Cupid's Pulse Article: Relationship Advice: The EX WordCupid's Pulse Article: Relationship Advice: The EX Word

By Monique Honaman for Hope After Divorce

I recall speaking to a divorce support group a few years ago. Whenever someone referenced their EX-husband or EX-wife, each person was careful to use the phrase “my former husband” or “my former wife.”  This wasn’t just something that one person used but rather everyone in the group. I thought it was interesting. After all, using the term “EX-husband” seems pretty common. When I asked what this was all about, I was informed that they believed that EX- implied a negative connotation, and they preferred to approach the word a bit more positively. OK! To each his and her own!

But I would like to stand up for EX- words and suggest that there are a number of EX-traordinary EX-words that should be fully embraced post-divorce. One can wallow in EX-cuses and get stuck in the EX-crement of what they just went through, or one can focus EX-clusively on moving forward and on the EX-citement and EX-cesses that this new life will bring!

Related Link: How to Get Financially Stable After Divorce

Whether your divorce was your idea or not, it is now a part of your story and part of the journey that defines your life. Someone made an EX-it, which EX-empted you from EX-tending your commitment to your marriage. I speak with countless people who are stuck in the EX-istence of “what was” as opposed to eagerly anticipating the EX-pectation “what will be.” One of my favorite quotes that got me through my divorce was, “I can’t control what happens to me. I can only control how I react to it.”  I love it when I encounter others who hold a similar attitude. No one is EX-empt from divorce. To those who say, “It will never happen to me” (like I did), you may find yourself in shock one day. Divorce EX-tends to all corners of our society and EX-cludes no one.

(I’m having fun writing this piece, so EX-cuse me while I keep going!)

To those people who are stuck EX-amining their unplanned lives collapsing around them, I say this: No EX-cuses! Inhale, then EX-hale. Now, pick up the pieces and become an EX-ample of how to move forward successfully after hitting a bump in the road. No one can do this EX-cept for you. Let the world EX-plode around you with new opportunities. EX-press your emotions. Don’t let your ability to love or to be loved go EX-tinct.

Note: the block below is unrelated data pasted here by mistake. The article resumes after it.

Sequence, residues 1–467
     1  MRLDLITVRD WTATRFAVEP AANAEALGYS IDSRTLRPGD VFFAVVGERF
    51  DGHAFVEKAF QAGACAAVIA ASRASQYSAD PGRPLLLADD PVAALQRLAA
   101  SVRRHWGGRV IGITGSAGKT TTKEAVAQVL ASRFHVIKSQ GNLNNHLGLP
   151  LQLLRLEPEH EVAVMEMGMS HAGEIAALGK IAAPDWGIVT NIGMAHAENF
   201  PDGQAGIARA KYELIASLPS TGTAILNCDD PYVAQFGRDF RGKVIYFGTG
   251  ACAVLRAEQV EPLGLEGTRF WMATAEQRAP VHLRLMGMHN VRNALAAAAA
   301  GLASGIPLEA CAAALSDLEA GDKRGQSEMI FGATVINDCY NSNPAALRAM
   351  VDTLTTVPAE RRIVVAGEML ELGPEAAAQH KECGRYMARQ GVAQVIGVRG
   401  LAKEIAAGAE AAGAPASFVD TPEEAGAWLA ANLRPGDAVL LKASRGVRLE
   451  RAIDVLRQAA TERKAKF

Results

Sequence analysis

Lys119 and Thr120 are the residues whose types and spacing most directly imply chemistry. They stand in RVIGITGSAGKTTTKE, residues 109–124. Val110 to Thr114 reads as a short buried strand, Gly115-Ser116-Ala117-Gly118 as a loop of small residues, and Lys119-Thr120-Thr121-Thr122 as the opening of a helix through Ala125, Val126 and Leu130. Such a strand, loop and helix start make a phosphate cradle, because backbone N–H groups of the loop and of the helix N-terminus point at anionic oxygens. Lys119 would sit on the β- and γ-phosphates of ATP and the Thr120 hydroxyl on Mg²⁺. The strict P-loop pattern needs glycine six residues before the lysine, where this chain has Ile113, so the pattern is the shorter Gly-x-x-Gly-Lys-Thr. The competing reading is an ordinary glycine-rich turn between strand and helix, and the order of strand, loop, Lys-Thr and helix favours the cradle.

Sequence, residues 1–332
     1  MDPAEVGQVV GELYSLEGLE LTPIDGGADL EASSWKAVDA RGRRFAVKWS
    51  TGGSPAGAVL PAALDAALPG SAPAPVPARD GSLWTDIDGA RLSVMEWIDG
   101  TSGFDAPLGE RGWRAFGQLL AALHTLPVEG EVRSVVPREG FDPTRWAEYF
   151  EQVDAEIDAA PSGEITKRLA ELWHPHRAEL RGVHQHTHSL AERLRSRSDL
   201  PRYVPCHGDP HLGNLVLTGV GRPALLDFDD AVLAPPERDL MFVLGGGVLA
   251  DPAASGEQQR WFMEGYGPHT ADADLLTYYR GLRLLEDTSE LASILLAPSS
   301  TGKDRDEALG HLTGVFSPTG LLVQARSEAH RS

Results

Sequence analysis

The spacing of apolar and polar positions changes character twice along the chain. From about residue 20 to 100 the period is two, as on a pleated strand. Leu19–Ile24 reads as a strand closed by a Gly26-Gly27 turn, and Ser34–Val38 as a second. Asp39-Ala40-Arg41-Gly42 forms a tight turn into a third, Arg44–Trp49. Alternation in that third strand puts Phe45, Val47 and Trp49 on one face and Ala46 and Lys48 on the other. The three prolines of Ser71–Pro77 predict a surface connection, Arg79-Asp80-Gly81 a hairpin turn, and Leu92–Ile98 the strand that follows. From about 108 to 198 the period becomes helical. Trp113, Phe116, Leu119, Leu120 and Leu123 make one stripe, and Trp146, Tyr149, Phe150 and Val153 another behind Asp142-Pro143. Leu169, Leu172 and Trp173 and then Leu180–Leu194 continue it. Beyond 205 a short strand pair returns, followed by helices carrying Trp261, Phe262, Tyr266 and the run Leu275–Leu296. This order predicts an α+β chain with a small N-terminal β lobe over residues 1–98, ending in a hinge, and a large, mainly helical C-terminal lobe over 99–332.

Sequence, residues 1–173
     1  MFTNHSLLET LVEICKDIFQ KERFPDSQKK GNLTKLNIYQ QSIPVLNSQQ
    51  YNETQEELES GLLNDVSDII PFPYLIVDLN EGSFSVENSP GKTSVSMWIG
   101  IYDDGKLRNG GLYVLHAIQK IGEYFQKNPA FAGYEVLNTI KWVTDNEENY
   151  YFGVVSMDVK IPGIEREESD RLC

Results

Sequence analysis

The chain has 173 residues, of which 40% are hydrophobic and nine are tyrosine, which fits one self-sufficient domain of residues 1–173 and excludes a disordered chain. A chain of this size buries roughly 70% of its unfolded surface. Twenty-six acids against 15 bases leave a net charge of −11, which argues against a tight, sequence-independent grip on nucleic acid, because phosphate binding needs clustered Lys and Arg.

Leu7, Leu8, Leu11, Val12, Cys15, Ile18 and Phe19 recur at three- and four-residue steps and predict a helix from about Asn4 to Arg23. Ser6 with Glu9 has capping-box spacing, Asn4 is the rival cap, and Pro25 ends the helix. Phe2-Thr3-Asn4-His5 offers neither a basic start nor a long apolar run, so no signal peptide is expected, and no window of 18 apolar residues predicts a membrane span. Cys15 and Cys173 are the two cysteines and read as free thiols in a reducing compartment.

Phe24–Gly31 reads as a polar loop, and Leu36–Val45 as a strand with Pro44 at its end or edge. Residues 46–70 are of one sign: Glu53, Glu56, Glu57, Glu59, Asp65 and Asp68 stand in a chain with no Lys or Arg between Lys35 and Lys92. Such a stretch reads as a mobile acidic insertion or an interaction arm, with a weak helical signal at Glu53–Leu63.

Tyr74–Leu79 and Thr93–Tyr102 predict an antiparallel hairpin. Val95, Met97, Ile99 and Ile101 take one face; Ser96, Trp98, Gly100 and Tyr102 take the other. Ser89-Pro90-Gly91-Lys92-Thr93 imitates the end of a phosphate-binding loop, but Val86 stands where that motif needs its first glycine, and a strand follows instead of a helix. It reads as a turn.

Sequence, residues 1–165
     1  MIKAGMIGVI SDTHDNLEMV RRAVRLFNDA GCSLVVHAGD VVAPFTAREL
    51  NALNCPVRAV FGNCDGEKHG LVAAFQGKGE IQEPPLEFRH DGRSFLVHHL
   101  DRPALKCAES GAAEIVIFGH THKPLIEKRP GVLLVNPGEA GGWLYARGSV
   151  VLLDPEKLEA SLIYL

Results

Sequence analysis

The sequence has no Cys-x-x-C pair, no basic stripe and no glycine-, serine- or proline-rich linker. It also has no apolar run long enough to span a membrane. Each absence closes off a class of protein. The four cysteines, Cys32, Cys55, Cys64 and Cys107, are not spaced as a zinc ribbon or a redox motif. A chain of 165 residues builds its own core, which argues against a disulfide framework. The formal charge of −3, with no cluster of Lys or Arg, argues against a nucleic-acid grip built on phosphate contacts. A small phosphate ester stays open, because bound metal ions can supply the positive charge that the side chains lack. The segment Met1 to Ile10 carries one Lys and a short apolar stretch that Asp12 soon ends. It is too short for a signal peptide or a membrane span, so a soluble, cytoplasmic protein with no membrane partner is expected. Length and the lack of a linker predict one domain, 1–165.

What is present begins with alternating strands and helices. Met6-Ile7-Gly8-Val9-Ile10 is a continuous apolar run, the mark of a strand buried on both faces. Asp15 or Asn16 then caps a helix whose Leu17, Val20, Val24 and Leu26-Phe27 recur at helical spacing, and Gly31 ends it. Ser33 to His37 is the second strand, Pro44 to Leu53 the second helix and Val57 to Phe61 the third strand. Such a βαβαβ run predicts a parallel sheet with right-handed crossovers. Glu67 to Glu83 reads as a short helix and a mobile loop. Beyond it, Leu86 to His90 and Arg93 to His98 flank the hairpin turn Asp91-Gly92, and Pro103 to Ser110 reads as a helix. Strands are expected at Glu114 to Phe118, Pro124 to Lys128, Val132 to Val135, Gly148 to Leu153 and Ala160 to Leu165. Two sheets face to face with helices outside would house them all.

Having a failed marriage and becoming a divorcee at age 40 was not part of my EX-pectation for my life.  That being said, it did become my EX-istence and part of my story. I was one of those people who opted for life to go on positively. I met an EX-traordinary man. I am EX-tremely grateful that he came into my life and the lives of my kids. It’s nice to be confident in the EX-clusivity of our marriage. We have a common passion and bond around our EX-tra-curricular activities and have EX-plored the world together. We have EX-panded each other’s horizons. I feel EX-alted and respected by him, and in EX-change, I try to honor him in the same way. The bottom line is that this relationship and marriage EX-ceeds anything I ever imagined before.

Related Link: How to Make Sure Your Divorce is Amicable, Fair and Fast

Mae West said, “All discarded lovers should be given a second chance, but with somebody else.” EX-actly!!  My point is this: whether you call someone your EX- or your former-, make peace with that part of your past and move forward. Take advantage of your second chance, and make it EX-traordinary. I think I’ve EX-acerbated my point. There are some fabulous EX- words. Use them. Live them. Celebrate them. Just think: what a great way to celebrate getting rid of one EX by introducing several new and more powerful ones!

By the way, I also met a woman once who didn’t use the term “EX-husband” or  “former husband.”  Instead, she had me laughing when she started taking about her “wasband.” I thought I misunderstood. Then she clarified and EX-claimed, “The man who was my husband is now lovingly referred to as my ‘wasband.’” Love it! I thought that was EX-tremely clever.

Monique A. Honaman, JD, MLIR, wrote “The High Road Has Less Traffic: honest advice on the path through love and divorce” in response to a need for a book providing honest, real, and raw advice about how to survive and thrive through one of life’s toughest journeys. The book is available at and Monique writes for,, and She can be reached at